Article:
Written by Diane Tuffuoh
Image by kathleen_hair
If our curls, coils and textured hair could speak, they would have so many wonderful, insightful stories to share. Stories like, how our African ancestors identified each other’s tribes by their hair styles or how our enslaved ancestors intelligently used braids and cornrows as maps for direction to freedom.
Let’s take a walk down memory lane for ourselves. Do you remember your earliest memory of your hair experience? What did it look or feel like? Where were you? Who was doing your hair? What environment were you in? And most importantly, how did you feel?
Fast forward to today. In comparison, what does your hair experience look and feel like now? Does your past hair experiences impact how you treat your curls and coils today? Or would you say you’re mostly influenced by things like your friends, family or social media? Every curly head of hair has a story to tell. I’ll share mine with you.
My earliest experience of doing my hair is sitting between my mum’s knees, on our old fashion print carpet, in our living room whilst playing with my doll’s straight, golden synthetic hair. My mum was always so creative with how she styled my hair. Sections of twists, braids, cornrows embellished with bobbles and beads were some of her go to styles. When I was around 10, my mum relaxed my hair mainly for manageability as I became more independent in styling my own hair. I kept it up as I got older. I must admit, at the time nothing felt better than my hair being freshly relaxed. It was so easy to manipulate, from bone straight hair flowing down my back, to a slick pony. I even remember the days it was fashionable to gel down your hair to your face. How I loved those styles! I went through a stage of braiding my curls too. Then, as I got older, I started wearing weaves with a relaxed leave out, and later progressed to wigs before cutting my hair all off and starting again. Looking back, both my decisions and my mum’s about my hair were influenced by society, whereby fitting into western beauty standards was the norm. From conversations, books, films and articles I’ve engaged with, my lived experience isn’t far off from my fellow curly sisters’ hair stories.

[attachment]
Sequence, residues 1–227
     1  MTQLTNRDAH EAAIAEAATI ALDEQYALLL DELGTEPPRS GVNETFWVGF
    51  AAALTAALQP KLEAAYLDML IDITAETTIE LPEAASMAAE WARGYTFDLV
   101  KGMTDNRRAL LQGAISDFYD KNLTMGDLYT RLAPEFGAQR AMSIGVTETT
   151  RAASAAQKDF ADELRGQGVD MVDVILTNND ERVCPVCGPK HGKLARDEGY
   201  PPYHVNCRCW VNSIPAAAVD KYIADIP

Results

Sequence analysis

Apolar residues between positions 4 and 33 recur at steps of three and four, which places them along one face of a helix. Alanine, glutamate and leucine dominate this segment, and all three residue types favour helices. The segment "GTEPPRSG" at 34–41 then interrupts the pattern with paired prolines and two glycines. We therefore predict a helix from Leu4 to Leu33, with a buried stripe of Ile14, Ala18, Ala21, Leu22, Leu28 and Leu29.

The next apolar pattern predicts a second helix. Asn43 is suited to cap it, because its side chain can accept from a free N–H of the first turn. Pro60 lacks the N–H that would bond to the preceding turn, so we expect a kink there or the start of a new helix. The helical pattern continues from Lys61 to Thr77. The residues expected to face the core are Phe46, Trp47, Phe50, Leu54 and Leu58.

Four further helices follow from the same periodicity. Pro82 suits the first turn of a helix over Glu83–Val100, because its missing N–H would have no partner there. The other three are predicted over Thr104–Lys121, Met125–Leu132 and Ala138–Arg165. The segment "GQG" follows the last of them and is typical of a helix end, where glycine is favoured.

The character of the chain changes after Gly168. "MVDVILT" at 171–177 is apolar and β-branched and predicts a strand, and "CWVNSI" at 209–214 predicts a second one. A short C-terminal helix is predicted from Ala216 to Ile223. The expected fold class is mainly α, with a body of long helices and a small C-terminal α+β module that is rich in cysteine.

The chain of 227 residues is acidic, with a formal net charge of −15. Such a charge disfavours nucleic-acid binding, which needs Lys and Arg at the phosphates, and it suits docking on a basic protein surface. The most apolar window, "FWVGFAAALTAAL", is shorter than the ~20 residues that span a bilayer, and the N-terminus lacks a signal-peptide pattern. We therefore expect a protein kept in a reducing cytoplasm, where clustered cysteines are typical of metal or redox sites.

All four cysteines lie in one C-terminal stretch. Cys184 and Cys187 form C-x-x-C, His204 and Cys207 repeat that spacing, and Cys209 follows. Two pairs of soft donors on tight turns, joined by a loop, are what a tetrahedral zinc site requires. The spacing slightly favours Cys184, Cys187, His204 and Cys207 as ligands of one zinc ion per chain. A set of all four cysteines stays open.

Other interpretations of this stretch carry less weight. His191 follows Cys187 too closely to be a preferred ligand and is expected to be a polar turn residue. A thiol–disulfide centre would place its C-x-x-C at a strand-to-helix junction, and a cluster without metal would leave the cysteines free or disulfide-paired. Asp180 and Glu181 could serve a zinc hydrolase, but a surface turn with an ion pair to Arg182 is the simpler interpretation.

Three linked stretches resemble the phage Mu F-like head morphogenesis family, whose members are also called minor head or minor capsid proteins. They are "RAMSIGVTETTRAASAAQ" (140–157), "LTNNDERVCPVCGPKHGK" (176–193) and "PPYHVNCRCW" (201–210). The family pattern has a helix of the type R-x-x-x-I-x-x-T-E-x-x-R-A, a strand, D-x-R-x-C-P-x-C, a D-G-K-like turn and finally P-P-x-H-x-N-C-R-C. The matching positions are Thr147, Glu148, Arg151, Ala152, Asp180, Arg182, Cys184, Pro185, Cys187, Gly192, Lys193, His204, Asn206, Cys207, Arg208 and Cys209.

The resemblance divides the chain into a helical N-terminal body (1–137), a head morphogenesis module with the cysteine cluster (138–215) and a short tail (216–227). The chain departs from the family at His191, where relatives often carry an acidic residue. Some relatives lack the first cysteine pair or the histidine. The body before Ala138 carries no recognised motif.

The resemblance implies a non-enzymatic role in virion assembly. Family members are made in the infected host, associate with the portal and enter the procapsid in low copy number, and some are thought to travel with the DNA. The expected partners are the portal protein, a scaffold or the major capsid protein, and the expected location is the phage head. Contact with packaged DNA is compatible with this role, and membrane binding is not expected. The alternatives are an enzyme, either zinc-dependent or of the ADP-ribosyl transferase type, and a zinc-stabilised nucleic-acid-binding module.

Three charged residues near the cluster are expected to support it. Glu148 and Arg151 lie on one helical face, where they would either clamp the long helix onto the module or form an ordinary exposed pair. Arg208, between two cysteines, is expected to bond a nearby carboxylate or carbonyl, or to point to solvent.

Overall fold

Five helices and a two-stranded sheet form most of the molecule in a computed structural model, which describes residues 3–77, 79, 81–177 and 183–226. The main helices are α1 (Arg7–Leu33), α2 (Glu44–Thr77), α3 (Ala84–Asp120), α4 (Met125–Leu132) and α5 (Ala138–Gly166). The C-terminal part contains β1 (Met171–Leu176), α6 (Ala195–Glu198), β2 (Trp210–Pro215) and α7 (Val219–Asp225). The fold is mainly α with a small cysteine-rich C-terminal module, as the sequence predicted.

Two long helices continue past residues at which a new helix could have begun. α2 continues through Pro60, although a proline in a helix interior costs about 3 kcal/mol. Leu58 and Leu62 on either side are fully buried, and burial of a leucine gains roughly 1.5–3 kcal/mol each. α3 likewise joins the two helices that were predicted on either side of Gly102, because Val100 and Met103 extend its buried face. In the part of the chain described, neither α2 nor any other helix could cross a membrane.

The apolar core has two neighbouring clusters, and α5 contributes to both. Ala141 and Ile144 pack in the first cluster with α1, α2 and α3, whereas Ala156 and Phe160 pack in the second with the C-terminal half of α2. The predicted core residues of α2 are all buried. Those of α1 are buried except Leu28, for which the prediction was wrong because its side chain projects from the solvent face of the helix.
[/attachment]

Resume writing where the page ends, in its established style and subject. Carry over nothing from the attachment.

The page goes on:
Afro and curly hair comes with such rich culture and a conversation attached. We have seen so much movement over the years from people embracing their natural hair, to amazing incentives like World Afro day. Changes are also being made to accept curly and textured hair in schools, the corporate work place and the fashion industry. To contribute to this, I want to share with you a note not just to my curls, but to our future curls. Here it goes.
To our future curls,
Thank you for cultivating who I am even when I haven’t always known it. I appreciate every curly, swirly strand that creates my full crown.
Whatever style I decide to embrace, I will do so with pride. When you’re not doing exactly what I want you to do, I’ll have patience.
I will keep up a good and healthy hair regime, with products that love and nurture you. Hair wash routines will be as long or as short as it needs to be and treated as a self-care moment.
I will put you in protective styles when you need a break and leave you to do your thing when you’ve had your rest.
Finally, I promise to stand tall and proud with my curls in whatever environment I’m in. I will always appreciate each curly and coily pattern you make, forever and always.
Tell us what your note would be over on @ItsALifestyleHun